Sharing Family Heritage and Traditions
The holiday season is a wonderful time to share family heritage and traditions with your kids. Many of us have holiday traditions that are connected to our ancestors and have been handed down through generations. Often, children don’t realize why we eat specific foods during the holidays or follow certain customs – they just know that these activities have always been a part of the festivities. This year, make it a point to weave in some cultural education and family learning as you carry out your holiday traditions.
Trace Your Family Ancestry
Kids can start a conversation with parents, grandparents and great-grandparents to trace your family’s roots. Where did family members live? What jobs did they hold? And what fun stories do they remember about growing up? There are some creative ways to encourage kids to collect this information:
Create a Book – Highlight family stories in a handmade booklet. Kids can write down family memories and draw pictures to match. They might also ask family members to write down their own stories and put them together in a family binder.
Make a Family Tree – Beginning with their generation, have kids assign each member of the family a leaf with their name on it. They can then draw a large tree and tape the leaves along the branches to have a fun visual of their relatives. Family trees can also be made using natural items such as a large branch from the yard and pinecones or acorns with names taped to each.
Record Family Stories– While visiting with relatives over the holidays, have kids use a video camera, iPad, or smart-phone to record family stories. Recordings can then be moved to DVD and shared with everyone.
Learn About Your Family Heritage
Where did your relatives live? Many kids are surprised to learn that their grandparents, and even parents, didn’t grow up in the same city where they live! Make a list of the various countries that relatives called home and then enjoy some fun activities as you learn more about your countries of origin.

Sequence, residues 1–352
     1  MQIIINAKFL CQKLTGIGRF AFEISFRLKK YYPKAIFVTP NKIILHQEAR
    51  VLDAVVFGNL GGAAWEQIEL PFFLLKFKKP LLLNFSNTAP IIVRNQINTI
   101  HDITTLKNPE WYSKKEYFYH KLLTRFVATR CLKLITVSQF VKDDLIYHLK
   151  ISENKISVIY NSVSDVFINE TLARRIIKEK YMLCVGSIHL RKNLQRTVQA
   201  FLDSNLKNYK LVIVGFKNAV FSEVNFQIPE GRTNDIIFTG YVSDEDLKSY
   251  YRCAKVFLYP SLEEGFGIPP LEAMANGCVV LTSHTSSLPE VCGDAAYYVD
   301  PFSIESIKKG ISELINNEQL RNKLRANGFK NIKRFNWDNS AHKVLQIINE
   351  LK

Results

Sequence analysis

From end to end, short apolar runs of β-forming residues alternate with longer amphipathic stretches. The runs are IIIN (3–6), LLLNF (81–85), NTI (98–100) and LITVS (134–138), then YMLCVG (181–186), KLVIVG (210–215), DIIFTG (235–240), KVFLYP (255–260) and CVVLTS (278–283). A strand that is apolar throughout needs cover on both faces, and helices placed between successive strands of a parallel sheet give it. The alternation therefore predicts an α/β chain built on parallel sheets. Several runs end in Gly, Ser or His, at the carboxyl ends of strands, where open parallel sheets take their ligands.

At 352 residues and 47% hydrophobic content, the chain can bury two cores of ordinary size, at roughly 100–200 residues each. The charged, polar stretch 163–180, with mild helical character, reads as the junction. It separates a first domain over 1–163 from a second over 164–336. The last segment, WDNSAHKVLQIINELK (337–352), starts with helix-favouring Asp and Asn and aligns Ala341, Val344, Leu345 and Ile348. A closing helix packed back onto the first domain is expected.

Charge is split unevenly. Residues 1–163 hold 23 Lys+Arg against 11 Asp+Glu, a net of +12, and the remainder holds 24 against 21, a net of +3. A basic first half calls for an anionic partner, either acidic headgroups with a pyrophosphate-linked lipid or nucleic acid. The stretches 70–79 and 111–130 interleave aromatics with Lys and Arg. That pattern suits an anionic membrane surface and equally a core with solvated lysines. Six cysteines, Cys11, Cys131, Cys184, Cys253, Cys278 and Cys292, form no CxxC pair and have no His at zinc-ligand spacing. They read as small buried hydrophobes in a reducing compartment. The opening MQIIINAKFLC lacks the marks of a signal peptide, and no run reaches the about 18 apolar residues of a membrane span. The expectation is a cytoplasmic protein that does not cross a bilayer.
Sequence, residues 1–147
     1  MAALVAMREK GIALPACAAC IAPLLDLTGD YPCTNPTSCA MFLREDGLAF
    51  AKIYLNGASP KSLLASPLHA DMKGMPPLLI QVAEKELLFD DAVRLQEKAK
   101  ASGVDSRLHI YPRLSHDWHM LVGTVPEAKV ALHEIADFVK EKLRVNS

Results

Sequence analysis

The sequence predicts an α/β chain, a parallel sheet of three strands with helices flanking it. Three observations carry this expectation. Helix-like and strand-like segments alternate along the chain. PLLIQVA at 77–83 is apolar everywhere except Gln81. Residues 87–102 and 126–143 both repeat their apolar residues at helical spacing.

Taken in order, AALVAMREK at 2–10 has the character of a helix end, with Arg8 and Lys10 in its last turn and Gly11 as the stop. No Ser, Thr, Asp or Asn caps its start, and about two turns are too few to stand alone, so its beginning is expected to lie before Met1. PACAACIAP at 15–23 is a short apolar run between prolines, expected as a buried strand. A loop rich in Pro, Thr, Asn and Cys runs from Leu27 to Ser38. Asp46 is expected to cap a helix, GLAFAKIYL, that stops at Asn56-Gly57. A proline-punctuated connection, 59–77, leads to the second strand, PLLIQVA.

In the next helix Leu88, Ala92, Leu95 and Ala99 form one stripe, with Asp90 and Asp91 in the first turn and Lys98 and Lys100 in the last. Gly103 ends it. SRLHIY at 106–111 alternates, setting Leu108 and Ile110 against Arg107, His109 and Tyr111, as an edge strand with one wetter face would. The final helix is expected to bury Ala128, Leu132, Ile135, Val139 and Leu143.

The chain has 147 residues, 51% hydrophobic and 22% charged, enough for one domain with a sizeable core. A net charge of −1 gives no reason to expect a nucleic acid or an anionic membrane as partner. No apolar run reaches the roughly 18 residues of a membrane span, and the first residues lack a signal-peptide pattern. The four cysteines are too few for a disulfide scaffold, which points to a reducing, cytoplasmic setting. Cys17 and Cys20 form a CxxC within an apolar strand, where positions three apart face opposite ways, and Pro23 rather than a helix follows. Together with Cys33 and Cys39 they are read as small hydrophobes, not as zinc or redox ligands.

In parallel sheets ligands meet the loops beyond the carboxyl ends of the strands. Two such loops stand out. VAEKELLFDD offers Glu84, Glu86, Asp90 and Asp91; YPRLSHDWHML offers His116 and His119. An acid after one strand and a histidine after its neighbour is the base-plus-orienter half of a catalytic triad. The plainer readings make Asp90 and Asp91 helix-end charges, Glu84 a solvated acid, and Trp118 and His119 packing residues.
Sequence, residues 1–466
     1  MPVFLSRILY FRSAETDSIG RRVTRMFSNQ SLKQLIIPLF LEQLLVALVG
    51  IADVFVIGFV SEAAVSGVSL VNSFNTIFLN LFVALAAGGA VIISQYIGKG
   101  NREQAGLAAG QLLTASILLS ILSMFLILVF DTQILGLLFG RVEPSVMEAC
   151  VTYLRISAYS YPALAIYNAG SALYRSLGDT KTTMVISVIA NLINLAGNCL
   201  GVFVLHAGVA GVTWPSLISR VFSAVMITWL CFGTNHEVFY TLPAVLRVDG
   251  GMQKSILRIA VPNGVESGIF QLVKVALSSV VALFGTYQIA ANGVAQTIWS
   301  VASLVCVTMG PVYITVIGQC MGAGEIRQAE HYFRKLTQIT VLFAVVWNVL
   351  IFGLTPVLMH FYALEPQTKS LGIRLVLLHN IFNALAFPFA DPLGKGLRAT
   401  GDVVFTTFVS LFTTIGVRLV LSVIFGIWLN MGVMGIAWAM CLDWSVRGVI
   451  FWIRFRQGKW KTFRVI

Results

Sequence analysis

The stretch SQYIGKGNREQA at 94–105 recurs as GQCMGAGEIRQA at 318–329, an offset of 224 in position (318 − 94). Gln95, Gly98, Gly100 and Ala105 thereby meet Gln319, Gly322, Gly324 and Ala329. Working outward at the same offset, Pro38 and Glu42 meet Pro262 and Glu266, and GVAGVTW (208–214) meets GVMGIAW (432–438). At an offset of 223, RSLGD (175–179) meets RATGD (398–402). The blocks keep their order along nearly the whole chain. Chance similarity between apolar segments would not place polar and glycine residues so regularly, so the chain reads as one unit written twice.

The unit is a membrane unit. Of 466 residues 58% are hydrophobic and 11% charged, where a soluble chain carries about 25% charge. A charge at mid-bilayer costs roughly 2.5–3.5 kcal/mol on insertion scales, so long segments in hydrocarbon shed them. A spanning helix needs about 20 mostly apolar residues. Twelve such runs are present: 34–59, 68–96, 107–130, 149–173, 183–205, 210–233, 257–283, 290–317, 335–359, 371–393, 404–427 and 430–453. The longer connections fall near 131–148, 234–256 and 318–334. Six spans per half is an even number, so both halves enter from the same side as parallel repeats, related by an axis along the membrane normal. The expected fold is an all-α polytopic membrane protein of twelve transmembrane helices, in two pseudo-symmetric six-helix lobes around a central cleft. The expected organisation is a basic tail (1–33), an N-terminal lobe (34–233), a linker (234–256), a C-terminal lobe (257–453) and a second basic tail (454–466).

Map Your Family – Once you’ve learned more about where your family originated, use fun sticky notes to label the various countries on a world map. Talk about how members of your family met one another and moved to different places.
Read Some Books – Go to the library and find some fiction and non-fiction books about each country. Kids will enjoy learning about the customs from other countries, along with some of the fables, folktales and stories shared with children in the country.
Learn a New Recipe – With some of the days off from school, it’s a great time to learn a new recipe! You might try a new recipe that you learned about during your family interviews or one that you learned is a popular dish when reading a story about an ancestral country.
Play a Game – Countries around the world have different games that children play. Kids always enjoy learning a new game, especially one that their great-grandparents may have played when they were younger!
Share Holiday Traditions
Talk to your kids about which holiday traditions have been passed down through generations. Maybe it’s a special cookie recipe, or what your family eats at holiday meals. It might be a special way you decorate or a yearly activity that you always do.
There are many holiday traditions that began in countries from around the world and were brought to America by families who moved here over the years. The Museum of Science and Industry has a great list of holiday traditions from countries around the world along with winter holidays and their origins. Kids can learn the origins of some of their favorite holiday traditions when they visit this site. (Link: http://www.msichicago.org/scrapbook/scrapbook_exhibits/catw2004/holiday_traditions.html)
Consider creating some new holiday traditions too! Ask kids what they enjoy most about preparing for the holidays and what new traditions they may want the family to begin. They may pass these on to their children some day, and with fond memories. Remember, traditions don’t need to be extravagant or complicated. Activities as simple as family movie night, baking together or decorating your child’s bedroom door is something your child will look forward to doing year after year.